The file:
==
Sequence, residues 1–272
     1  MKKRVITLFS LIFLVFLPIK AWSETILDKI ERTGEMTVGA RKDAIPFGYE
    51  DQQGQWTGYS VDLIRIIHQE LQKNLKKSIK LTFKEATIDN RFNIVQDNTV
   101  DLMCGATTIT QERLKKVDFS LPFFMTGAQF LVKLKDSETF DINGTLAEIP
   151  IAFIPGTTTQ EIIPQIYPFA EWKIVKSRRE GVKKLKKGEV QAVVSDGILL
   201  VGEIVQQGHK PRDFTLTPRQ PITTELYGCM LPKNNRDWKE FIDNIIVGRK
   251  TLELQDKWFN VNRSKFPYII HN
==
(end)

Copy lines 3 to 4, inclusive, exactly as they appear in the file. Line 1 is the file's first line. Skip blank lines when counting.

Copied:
    51  DQQGQWTGYS VDLIRIIHQE LQKNLKKSIK LTFKEATIDN RFNIVQDNTV
   101  DLMCGATTIT QERLKKVDFS LPFFMTGAQF LVKLKDSETF DINGTLAEIP